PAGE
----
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Renal cystic diseases in children

Author
Patrick Niaudet, MD
Section Editor
Tej K Mattoo, MD, DCH, FRCP
Deputy Editor
Melanie S Kim, MD

INTRODUCTION

Renal cysts occur in a variety of diseases in children (table 1). Cysts may be due to nonhereditary fetal malformations or genetic disorders, or, rarely, they may be acquired. Cysts may also occur as an isolated finding or as part of a syndrome.

An overview of the different forms of pediatric renal cystic disease will be reviewed here.

NONHEREDITARY RENAL MALFORMATION

Cystic renal dysplasia, defined by microscopic features, is due to renal parenchymal malformation of the fetal kidney. As a result, the kidney contains primitive ducts and cysts, and nonrenal tissues such as cartilage, fat, and hematopoietic tissue. (See "Overview of congenital anomalies of the kidney and urinary tract (CAKUT)", section on 'Renal parenchymal malformations'.)

Although the nonheritable mechanisms responsible for this disorder remain unclear, an alteration in renal mitogen expression may, in part, underlie the abnormalities in renal parenchymal differentiation. One study of multicystic renal dysplasia, for example, found significant temporal and spatial alterations in insulin-like growth factor and insulin-like growth factor binding protein expression during early fetal life and the postnatal period [1]. The pathogenetic significance of these changes is uncertain.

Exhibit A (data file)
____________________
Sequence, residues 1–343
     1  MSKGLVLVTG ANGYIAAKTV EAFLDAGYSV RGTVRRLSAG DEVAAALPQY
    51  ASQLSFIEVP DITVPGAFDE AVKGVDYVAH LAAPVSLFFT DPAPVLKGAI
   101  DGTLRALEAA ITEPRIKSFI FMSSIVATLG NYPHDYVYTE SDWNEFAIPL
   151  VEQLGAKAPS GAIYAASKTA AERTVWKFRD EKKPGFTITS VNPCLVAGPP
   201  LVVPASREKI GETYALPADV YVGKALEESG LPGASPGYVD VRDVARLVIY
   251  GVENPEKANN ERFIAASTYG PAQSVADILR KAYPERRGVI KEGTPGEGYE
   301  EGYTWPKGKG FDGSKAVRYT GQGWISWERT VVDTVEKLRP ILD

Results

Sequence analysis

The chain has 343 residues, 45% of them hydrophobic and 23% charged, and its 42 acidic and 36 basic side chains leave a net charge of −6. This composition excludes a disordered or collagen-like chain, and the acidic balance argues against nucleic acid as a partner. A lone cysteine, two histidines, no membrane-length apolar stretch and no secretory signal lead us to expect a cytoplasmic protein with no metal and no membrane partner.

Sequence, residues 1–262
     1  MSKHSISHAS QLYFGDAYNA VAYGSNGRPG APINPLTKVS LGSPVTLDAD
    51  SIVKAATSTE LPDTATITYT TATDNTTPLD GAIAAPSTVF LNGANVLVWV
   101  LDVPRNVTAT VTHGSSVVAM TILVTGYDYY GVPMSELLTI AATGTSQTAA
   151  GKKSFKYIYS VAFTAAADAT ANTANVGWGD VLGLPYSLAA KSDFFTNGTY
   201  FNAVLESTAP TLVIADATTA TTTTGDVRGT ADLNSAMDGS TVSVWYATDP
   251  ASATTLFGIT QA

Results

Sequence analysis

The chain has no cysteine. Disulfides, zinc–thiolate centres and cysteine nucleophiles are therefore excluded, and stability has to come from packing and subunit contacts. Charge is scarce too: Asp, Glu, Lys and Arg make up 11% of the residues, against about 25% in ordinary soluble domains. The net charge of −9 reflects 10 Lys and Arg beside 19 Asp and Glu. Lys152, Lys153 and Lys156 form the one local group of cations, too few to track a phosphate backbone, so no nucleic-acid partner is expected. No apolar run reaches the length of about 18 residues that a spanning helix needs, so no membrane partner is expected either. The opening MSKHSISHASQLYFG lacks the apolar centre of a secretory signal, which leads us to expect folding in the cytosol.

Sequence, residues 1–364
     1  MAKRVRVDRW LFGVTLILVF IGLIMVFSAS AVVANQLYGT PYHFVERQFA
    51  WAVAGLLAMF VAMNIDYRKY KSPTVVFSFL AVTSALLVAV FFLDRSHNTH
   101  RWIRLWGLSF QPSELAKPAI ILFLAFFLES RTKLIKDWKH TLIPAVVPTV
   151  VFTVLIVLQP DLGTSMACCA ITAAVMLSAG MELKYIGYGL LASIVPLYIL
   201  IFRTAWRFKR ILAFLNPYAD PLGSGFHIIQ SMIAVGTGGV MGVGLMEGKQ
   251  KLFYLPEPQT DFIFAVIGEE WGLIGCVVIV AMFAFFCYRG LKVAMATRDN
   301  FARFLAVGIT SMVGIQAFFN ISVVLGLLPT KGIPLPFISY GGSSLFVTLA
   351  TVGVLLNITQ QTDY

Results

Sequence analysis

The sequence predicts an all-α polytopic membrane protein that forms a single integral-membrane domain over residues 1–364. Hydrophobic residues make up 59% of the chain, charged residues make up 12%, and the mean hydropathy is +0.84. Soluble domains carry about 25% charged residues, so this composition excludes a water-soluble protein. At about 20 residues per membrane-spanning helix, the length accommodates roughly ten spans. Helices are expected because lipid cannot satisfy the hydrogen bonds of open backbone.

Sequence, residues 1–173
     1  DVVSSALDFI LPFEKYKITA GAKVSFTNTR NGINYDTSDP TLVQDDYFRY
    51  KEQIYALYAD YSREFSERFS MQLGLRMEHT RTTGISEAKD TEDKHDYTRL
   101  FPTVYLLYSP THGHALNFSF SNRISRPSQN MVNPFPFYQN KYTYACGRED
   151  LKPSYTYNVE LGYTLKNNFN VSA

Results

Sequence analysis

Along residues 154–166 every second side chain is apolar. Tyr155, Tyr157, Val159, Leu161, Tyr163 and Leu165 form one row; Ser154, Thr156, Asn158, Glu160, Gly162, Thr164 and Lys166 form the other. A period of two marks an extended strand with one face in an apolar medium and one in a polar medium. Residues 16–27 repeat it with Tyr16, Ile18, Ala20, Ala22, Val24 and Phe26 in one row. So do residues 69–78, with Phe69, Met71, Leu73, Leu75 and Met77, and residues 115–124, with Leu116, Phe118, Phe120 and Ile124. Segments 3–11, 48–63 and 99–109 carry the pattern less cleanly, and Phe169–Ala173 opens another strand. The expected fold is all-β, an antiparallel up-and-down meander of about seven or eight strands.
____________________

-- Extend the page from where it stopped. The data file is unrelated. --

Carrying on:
Cystic dysplasia is also often associated with antenatal obstruction of the urinary tract, which may be associated with posterior urethral valves (PUV) or ureteropelvic junction (UPJ) obstruction. Cystic dysplasia is frequently observed in the atrophic pole of a kidney with duplicated ureters or an ectopic ureterocele.

               

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Literature review current through: Nov 2016. | This topic last updated: Thu Sep 15 00:00:00 GMT+00:00 2016.
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